A Non-Universalist Story

Daniel Kirk's essay is now up over at Two Friars and a Fool.

Again, on Tuesday I gave a universalist take on "the best ending" to the Christian story.

Dr. Kirk's essay on the same topic is entitled "A Non-Universalist Story."

Next week our responses to each other's essays will appear.

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9 thoughts on “A Non-Universalist Story”

  1. I have an issue with the "faith only" theology. It means that the good Lutheran "believers" were saved, but the non-believing Jews that they murdered by the millions are not.
    I think what we do in this life has to have some impact on what happens in the next. I do not believe that my occasional lapses in charity are seen the same way by God as Hitler's mass murders, or that both of us are will  saved by Jesus just because we believe.
    (I could say the same thing about the KKK who carried the cross as they lynched African-Americans who were also believers.)
    I tell myself that God's ideal justice is higher, better, and more correct than mine, but trying to understand this is why I struggle to believe in God at all.
    I think my sense of iustice is more true than the belief that  everyone will be saved if they just believe even if they do terrible things to their fellow humans.  And, I struggle with the belief that those who do not believe, but live honorable lives will be lost.  Christ believing Hitler in heaven, ethical charitable Hindu in Hell does not seem right either.

    So, clearly I am no theologian.
    And there is no consistency in my views.

  2. This perspective, too, was articulated very persuasively by Dr. Kirk.  The format of this discussion -- taking turns, then interacting together -- has been so civilized!  Very refreshing and edifying; thank you.

    The supporting arguments for both positions are very compelling.  I can't with complete certainty say which is more correct.  As an aside, has anyone here seen the last HP film yet?  Frederica Mathewes-Green put up a solid review at the Patheos site.  The fate of HP and Voldemort alike seemed to hinge on free will/choice, in the end, reflecting J.K. Rowling's theological perspective...  She, apparently, is no universalist!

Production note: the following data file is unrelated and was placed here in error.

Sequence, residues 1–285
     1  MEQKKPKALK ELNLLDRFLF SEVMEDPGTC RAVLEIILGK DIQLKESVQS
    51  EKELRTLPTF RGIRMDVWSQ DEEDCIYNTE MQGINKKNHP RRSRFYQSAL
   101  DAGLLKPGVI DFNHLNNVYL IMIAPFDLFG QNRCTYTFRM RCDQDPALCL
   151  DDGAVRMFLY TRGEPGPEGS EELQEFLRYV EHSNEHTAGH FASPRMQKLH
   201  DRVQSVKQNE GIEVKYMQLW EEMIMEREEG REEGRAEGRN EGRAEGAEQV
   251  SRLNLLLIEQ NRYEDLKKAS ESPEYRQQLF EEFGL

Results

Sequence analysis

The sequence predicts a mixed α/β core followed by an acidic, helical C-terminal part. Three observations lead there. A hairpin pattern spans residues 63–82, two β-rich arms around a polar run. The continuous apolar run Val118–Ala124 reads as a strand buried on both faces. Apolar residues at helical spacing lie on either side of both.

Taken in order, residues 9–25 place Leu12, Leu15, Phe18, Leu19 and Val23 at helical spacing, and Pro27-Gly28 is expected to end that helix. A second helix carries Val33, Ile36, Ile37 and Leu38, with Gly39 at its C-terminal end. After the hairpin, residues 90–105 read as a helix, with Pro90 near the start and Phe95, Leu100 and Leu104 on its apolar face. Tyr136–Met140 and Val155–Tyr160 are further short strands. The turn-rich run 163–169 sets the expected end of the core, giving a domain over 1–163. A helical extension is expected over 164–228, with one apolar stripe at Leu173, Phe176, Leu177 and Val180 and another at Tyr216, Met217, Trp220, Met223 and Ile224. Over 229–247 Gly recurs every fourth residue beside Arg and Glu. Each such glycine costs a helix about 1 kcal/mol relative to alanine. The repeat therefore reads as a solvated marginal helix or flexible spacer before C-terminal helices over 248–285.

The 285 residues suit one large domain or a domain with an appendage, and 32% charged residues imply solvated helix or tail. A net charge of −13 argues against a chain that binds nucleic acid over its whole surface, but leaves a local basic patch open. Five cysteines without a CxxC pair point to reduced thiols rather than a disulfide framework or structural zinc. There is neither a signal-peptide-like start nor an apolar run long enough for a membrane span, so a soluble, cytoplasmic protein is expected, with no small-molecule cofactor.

3. Dr. Beck I enjoyed your essay very much, though I find myself more in line with Dr. Kirk.

    Would you clarify something for me? It appears that what you are suggesting is that there will in fact be a judgement at the end of this world, but that will not be the final chapter of the story. That after a time of judgement for those who merit it, they will then be reconciled and included in the Kingdom. Am I understanding this correctly? It is a possibility that had never occurred to me.

    If this has been discussed before, I apologize. I've only been reading (and enjoying) this blog for a few months.

  4. Hi Joe,
    Yes, that's what I think is going to happen. I read every passage about hell in the NT pretty much as a traditionalist does. With one tweak. I don't think hell is the final chapter in a person's biography with God. I believe in a Epilogue.

  5. Thank you. As I said, I'd not thought of that possibility. I'm going to have to chew on that for a bit.

  6. At the end of the day, while human opinions vary, God will sort it out. Til then we can work and pray together "Your will be done on earth as it is in heaven." On that, unity!

  7. I think it is ironic that one of Kirk's arguments against universalism is based on the inconsistent application of free will by universalists.  Does he realize that he's debating someone who has a very dim view of free will and justifies univeralism on more Calvinist(?) grounds?

    I do like that he finishes by talking about surprise.  It is a consistent theme for Jesus that there will be surprises in the end and the number of different interpretations of Scriptures and scriptural principles relating to this issue suggest that we may all be surprised at what actually happens.

    Joe (posting now as candeux because, surprise surprise, I couldn't register as "Joe" on DISQUS)

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